Apple co-founder Steve Jobs was determined that Apple would create and offer products and services that met and exceeded customers expectations. To Jobs, nothing was allowed to get in the way of this passion and drive to keep Apple as the chief innovator in the consumer computer related products and services. Jobs was not known to have the best employee bedside manner. His passion drove him to drive others to go exceedingly beyond what they imagined they previously believed they had the ability to do. Jobs defined Apple's core values and never wavered. At the time of his untimely death, Apple had grown to be the world's most valuable company in terms of stock equity value.
Define Your End State Goals
The fourth key to developing a successful business strategy is to define your end state goals. These are the main objectives of the organization. After analyzing strengths and weaknesses, assessing opportunities and threats, and determining core values, then management can proceed to put together its core strategy. Defining the main objectives will help the organization focus its energy on what it can do and push aside unrelated activities. What do you really want to accomplish? What are you equipped to do? What can your enterprise do better than anyone else? What need is your company uniquely positioned to satisfy? (Biehl). Defining your end state goals that are consistent with your core values will help you gain a competitive advantage.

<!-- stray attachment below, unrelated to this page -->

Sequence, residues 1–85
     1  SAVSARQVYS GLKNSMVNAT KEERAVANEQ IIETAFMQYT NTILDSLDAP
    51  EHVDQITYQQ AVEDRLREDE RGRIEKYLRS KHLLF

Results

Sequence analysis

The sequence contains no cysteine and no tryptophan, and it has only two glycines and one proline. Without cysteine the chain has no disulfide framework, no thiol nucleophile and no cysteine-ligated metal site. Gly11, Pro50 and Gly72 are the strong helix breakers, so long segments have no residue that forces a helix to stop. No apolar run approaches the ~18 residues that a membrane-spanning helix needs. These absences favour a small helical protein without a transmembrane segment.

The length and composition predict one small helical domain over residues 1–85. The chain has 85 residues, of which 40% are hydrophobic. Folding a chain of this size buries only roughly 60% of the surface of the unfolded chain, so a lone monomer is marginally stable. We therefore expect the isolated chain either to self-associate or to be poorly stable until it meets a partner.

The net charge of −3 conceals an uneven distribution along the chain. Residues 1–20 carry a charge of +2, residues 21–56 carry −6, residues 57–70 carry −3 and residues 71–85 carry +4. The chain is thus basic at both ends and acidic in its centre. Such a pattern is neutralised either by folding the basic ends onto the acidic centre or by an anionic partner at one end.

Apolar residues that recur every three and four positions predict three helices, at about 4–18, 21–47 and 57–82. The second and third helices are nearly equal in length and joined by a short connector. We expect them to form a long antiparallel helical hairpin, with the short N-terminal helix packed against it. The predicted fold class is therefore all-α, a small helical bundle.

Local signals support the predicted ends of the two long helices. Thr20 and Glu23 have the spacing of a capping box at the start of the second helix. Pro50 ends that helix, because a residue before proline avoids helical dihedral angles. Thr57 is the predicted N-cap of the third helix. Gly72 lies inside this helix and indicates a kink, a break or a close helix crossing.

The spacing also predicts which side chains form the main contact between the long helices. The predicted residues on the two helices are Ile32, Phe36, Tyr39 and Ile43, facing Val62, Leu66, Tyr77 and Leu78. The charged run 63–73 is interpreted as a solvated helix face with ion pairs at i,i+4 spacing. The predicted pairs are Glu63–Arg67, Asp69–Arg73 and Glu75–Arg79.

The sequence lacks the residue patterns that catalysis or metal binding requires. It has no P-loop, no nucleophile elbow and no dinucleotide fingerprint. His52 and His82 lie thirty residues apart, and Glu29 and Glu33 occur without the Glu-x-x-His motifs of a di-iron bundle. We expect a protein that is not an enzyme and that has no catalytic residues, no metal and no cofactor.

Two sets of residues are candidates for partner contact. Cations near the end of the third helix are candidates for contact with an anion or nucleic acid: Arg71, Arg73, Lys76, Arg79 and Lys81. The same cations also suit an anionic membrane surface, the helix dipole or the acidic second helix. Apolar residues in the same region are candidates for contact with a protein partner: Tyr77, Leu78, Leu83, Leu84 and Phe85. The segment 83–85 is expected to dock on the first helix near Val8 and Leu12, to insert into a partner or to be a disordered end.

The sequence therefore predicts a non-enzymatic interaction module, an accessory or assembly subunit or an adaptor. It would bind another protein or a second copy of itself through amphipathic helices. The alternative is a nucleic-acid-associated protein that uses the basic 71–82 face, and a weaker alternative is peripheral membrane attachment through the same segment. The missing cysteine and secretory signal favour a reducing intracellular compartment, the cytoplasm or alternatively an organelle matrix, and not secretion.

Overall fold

Assess Related Risks
Another key to competitive advantage is to assess the risks related to the end state goals or main objectives. Business strategists Cornelius de Kluyver and John Pearce advise business leaders to balance strategic interests according to risk. Risk is the probability of success or failure. Usually, when the potential gain is substantial, then the risk is greater and vice versa. Top management must carefully weigh each action according to whether the desired result will be worth the effort or financial outlay.
Implement the Strategy
A business strategy is only as good as its implementation. So, the sixth key to defining a winning business strategy is to make it happen. The major key to effective implementation is communication at all times and on all levels. In order to put the strategy into action, top management has to define metrics (small steps) and targets (timetables) that will guide the organization step by step to its end state goals or major objectives. Many organizations go through the struggle to define a new business strategy, but never follow through to the implementation stage. Putting the strategy into play will lead to a competitive advantage.
Evaluate the Business Strategy
The seventh key to a winning business strategy is to evaluate each stage and make adjustments. No strategy is flawless. Putting mechanisms in place to review and alter weaknesses in the plan will help refine the strategy and make the organization more effective. Astute evaluation and related adjustments will lead to competitive advantage.